Portrait of J. J. Johnson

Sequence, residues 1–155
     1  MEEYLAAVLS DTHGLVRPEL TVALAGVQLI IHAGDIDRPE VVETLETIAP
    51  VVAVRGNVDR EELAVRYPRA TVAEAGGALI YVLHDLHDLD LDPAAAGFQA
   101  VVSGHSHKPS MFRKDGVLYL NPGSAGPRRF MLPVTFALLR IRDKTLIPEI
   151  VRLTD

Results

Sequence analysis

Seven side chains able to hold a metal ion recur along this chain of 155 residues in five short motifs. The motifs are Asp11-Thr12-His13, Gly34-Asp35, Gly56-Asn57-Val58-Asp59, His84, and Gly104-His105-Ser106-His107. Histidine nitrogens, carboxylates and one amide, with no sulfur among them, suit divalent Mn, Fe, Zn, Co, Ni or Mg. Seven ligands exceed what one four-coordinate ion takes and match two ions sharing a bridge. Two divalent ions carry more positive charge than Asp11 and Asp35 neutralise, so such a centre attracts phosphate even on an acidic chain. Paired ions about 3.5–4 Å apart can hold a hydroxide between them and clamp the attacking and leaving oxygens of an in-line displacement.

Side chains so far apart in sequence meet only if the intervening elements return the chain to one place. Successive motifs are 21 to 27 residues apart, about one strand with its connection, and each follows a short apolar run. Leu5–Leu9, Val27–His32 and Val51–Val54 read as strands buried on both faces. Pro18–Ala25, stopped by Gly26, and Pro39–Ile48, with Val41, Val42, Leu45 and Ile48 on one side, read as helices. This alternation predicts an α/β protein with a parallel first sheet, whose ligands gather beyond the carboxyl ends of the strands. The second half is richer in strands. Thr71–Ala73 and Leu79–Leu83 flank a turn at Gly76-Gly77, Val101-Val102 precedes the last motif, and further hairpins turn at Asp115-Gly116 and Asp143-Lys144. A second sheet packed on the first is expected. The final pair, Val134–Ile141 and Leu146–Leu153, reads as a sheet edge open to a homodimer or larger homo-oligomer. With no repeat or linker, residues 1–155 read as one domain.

n 1948, band leader Stan Kenton contemplated replacing all the slide trombones in his band with valve trombones. Under the influence of the new bebop style, all of the instruments had to play much faster than they had just a decade earlier. Kenton thought the slide trombone had become a jazz has-been that could never keep up. He was probably unaware that a young trombonist named J. J. Johnson had already begun to demonstrate that the slide trombone could indeed keep up. James Louis Johnson learned trombone as a school student in Indianapolis and played with such big bands as … Continue reading